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Mean Streets

Mean Streets is an early Martin Scorsese film starring Harvey Keitel and Robert De Niro. Charlie (Keitel) is a man who is trying to move up in the crime world and who is hampered by his responsibility towards his dimwitted friend Johnny Boy (De Niro). Charlie is in love with Johnny's cousin, woman who has epilepsy and works for his uncle collecting debts; his uncle disapproves of his girlfriend explicitly because she has epilepsy. Charlie, who has a strict Catholic upbringing, is probably too forgiving in general to get far in the mafia.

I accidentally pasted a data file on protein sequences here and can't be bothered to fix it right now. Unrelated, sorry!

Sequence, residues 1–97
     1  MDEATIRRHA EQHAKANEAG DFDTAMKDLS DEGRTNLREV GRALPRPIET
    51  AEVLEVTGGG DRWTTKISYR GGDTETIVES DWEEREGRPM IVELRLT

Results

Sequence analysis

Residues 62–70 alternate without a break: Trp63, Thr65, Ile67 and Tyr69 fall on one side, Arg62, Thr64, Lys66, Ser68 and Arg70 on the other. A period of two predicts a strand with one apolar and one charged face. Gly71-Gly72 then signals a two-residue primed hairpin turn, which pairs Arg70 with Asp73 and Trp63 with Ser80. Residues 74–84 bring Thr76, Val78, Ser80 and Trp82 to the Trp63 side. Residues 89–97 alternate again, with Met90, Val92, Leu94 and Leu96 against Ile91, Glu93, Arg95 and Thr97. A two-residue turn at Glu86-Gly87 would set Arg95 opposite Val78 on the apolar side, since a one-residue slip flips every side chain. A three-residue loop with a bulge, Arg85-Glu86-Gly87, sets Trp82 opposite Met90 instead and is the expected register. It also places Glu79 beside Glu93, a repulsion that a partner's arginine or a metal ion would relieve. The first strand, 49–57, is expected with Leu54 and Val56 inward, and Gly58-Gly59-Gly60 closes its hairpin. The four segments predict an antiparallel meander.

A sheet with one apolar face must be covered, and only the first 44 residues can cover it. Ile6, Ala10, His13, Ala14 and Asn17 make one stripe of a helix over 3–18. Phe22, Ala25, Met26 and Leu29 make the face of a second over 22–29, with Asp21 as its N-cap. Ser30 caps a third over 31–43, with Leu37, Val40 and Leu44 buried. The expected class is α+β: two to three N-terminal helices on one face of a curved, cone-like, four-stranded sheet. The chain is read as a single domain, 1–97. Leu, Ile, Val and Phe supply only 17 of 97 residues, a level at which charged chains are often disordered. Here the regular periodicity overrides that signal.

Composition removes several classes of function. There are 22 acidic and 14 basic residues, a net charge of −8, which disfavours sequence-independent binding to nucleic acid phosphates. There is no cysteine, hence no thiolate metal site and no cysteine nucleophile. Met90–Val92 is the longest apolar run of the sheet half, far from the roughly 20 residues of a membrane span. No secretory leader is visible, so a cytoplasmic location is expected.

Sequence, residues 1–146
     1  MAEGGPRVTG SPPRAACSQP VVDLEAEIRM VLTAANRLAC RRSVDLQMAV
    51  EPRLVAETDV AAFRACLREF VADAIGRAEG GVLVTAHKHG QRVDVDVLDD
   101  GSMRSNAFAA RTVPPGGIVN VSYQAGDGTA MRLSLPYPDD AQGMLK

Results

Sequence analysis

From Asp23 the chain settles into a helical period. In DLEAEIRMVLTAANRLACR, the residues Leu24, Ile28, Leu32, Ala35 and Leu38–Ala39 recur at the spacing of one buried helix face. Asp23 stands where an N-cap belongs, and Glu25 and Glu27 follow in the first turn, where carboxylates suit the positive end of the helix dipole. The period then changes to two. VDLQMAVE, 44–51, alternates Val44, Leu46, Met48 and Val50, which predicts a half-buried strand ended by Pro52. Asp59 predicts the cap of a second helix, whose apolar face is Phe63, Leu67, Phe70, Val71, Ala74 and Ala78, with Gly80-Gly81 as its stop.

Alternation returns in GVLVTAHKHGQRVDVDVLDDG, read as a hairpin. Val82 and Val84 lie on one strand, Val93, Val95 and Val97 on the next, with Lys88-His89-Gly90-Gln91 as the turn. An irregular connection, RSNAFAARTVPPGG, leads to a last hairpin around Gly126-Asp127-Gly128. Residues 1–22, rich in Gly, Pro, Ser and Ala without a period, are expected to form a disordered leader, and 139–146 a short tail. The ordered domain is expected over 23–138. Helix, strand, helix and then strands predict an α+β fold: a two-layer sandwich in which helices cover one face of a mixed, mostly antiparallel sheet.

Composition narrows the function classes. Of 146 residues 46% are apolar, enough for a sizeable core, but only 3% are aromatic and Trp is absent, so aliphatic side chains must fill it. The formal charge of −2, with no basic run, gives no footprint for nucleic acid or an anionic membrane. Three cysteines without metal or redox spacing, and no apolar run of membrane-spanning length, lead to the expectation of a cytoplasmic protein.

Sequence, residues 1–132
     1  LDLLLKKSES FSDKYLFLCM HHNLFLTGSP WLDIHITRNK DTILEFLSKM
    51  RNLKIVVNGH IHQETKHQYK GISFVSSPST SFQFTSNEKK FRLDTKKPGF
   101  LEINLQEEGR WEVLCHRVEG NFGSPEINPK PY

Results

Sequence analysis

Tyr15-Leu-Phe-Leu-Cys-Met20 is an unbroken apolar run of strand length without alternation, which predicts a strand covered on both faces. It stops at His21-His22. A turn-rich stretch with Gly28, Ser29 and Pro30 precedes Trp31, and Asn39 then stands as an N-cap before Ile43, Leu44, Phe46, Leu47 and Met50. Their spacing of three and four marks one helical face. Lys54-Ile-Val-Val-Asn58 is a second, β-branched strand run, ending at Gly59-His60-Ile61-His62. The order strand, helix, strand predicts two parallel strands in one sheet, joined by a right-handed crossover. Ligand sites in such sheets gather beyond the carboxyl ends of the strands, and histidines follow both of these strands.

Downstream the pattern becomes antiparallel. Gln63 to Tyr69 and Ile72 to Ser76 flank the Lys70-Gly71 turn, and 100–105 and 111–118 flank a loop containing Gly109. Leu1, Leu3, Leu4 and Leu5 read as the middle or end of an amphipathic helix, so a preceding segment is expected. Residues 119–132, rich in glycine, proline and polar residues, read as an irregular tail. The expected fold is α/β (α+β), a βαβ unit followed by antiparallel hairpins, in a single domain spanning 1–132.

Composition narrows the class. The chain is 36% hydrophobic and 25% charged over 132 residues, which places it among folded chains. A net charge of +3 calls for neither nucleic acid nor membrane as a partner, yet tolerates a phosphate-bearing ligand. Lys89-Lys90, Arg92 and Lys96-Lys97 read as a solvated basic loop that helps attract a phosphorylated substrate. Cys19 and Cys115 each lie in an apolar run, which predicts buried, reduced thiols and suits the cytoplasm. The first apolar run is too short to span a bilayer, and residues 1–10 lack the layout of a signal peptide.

Scorsese's feature film debut, after his student film project Who's That Knocking at My Door, Mean Streets was based on events Scorsese saw growing up in Little Italy. Released in 1973; features a memorable early 60s soundtrack. De Niro won the National Society of Film Critics award for Best Actor for his role as Johnny Boy Civello. The film has been deemed "culturally significant" by the Library of Congress and selected for preservation in the United States National Film Registry.